Augmented Reality Wearables - Next Big Thing or Fad?
12 Sep 2019
Augmented reality is experienced via a wearable glass device, head-mounted device, or smartphone applications. AR enhances the user experience by overlaying digital content on top of the real world.
Augmented reality is thought to have bigger potential for mass consumption compared to virtual reality and mixed reality. It has the backing of huge tech giants who are investing in both hardware and software developments.
It is likely that the adoption of AR technology will grow exponentially in the years to come. The potential for AR combined with wearables is huge. According to one report by new-gen apps, the number of AR glasses sold is expected to rise to 22.8 million units by 2022.
While the current use of AR is seen mostly in handled electronics such as smartphones and tablets, businesses attempt to enter the market with wearable solutions which include AR headsets, wristwear, and wearable robotics
Future generations of glasses are expected to offer wifi, stereo 3D graphics, and enhanced processing of images and audio. In line with the increasing development of AR wearables, developers will be launching innovative apps to grow both commercial and consumer markets.
Penetration of enterprise wearables
The hype around augmented reality and wearable devices is focused on consumer technology. As technologies mature, augmented reality will increase in value as an enterprise application and has already shown it's potential within 'smart' factories.
Enterprise wearables will also drive growth in the fields of retail, manufacturing, logistics, and healthcare. AR technologies make it possible for technicians, surgeons, and other skilled practitioners to access and interact hands-free with information that’s location-aware.
DHL and Ricoh in the Netherlands have successfully tested AR glasses and augmented reality in a warehouse. This pilot project used the technology to implement ‘vision picking’ in warehouse operations; workers were guided by graphics displayed in the smart glass.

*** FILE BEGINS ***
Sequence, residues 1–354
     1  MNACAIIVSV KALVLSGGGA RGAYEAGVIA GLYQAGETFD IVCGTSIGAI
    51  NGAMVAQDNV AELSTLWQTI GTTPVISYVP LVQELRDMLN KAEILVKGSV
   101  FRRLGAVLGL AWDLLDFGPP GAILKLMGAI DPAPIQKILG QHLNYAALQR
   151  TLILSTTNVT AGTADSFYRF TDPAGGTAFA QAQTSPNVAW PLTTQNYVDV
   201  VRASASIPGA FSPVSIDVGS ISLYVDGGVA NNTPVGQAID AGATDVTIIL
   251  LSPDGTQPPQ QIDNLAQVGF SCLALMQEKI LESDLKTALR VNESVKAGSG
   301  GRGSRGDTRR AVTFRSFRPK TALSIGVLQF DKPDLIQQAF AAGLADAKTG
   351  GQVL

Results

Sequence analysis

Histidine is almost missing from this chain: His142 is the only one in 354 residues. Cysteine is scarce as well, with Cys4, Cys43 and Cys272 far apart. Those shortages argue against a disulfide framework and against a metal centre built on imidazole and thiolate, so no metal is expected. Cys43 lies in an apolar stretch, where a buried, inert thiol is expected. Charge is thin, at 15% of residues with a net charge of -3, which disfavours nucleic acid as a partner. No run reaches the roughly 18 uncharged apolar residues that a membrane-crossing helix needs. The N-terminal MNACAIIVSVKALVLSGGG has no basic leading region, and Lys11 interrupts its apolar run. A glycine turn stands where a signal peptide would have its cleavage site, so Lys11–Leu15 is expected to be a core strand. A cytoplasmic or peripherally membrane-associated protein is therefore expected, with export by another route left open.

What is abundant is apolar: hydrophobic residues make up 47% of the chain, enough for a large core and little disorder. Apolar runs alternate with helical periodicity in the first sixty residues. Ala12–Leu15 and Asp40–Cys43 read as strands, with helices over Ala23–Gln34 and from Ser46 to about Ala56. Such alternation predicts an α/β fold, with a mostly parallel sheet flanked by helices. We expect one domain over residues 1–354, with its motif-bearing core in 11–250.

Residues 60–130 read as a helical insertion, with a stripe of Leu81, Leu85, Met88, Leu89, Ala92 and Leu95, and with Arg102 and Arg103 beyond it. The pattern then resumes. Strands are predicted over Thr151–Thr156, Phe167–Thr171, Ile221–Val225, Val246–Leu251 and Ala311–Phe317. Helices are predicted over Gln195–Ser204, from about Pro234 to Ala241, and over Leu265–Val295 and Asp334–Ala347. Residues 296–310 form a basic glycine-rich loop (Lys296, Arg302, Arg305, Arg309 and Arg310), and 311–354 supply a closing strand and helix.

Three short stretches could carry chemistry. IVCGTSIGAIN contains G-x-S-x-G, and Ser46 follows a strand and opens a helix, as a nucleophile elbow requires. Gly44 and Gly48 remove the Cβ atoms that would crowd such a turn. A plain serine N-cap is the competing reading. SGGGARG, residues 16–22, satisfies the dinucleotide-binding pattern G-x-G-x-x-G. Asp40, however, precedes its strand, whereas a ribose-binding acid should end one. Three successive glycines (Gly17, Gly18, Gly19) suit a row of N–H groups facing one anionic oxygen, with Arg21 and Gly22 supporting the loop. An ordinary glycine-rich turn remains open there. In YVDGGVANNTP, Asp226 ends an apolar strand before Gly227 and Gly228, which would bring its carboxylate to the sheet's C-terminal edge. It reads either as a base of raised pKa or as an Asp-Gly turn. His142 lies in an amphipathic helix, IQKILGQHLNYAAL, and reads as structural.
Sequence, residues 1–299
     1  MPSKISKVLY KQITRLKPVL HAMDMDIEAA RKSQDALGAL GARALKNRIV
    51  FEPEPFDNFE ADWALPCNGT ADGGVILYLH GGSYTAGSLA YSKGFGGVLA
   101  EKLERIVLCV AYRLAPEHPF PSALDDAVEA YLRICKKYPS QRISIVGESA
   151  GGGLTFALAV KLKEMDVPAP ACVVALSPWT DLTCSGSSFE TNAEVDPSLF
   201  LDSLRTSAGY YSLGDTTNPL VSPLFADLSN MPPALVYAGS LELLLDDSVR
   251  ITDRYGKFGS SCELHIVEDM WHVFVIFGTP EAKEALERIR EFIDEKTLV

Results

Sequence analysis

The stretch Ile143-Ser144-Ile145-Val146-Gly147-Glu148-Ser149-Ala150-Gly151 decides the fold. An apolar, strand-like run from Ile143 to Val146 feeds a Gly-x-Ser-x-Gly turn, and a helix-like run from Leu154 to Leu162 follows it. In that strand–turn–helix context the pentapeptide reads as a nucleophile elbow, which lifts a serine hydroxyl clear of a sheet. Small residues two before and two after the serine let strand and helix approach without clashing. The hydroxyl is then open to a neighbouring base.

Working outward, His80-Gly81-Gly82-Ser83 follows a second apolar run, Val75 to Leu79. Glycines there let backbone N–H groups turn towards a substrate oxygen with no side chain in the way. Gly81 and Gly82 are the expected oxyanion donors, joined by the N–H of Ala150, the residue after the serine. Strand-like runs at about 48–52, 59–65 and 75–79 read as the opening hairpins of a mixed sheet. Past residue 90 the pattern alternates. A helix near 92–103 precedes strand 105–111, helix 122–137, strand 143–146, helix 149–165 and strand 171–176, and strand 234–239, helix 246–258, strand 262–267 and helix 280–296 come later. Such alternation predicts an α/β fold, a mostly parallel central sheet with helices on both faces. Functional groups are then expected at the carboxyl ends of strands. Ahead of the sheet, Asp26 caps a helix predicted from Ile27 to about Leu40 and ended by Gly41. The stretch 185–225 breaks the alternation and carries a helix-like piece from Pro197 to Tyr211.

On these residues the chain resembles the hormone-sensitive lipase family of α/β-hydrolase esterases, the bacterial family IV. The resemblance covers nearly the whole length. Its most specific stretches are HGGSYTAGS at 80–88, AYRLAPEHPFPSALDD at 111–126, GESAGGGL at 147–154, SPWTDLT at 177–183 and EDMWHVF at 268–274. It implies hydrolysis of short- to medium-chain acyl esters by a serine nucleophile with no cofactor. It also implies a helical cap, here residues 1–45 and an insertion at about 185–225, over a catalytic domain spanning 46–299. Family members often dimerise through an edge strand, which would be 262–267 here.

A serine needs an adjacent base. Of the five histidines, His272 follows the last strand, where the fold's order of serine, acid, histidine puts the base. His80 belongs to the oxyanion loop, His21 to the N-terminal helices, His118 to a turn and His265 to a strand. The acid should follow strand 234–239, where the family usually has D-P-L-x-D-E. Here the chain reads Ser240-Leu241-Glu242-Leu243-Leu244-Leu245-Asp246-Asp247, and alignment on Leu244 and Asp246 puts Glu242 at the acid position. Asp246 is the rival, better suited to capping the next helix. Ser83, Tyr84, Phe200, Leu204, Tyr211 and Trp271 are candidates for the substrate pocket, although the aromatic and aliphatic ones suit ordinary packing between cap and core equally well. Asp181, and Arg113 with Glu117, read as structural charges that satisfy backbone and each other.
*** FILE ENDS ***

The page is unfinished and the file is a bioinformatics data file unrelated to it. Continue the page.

The experiment proved that augmented reality can be used to add value to logistics and reduce errors in operations. The pilot resulted in a 25 percent efficiency increase during the picking process.
Augmented reality can’t live on handheld devices alone
Handheld devices like smartphones are a great stepping stone to allow consumers to familiarise themselves with augmented reality. But the biggest barrier to a fully-functional future AR is the idea that we cannot fully optimize our field of view on a handheld device.
In the long run, consumers will look for more out of augmented reality than any handheld device can offer. We can already see that people are embracing wearables and will continue to love them. It’s pretty clear that smart glasses will soon be mainstream.
Wearables will allow more consumers to enter worlds of infinite possibility, which can be utilised for gaming, videos, shopping, social media, and other
Smart wearables (augmented reality in particular) are still in the early stages of development, but the value and potential is clear. Its growth will still heavily depend on the way businesses and consumers apply and engage with this technology.
Who knows what the future holds for AR? The development of contact lenses and chip implants may even overtake that of wearables before we get to experience their true potential.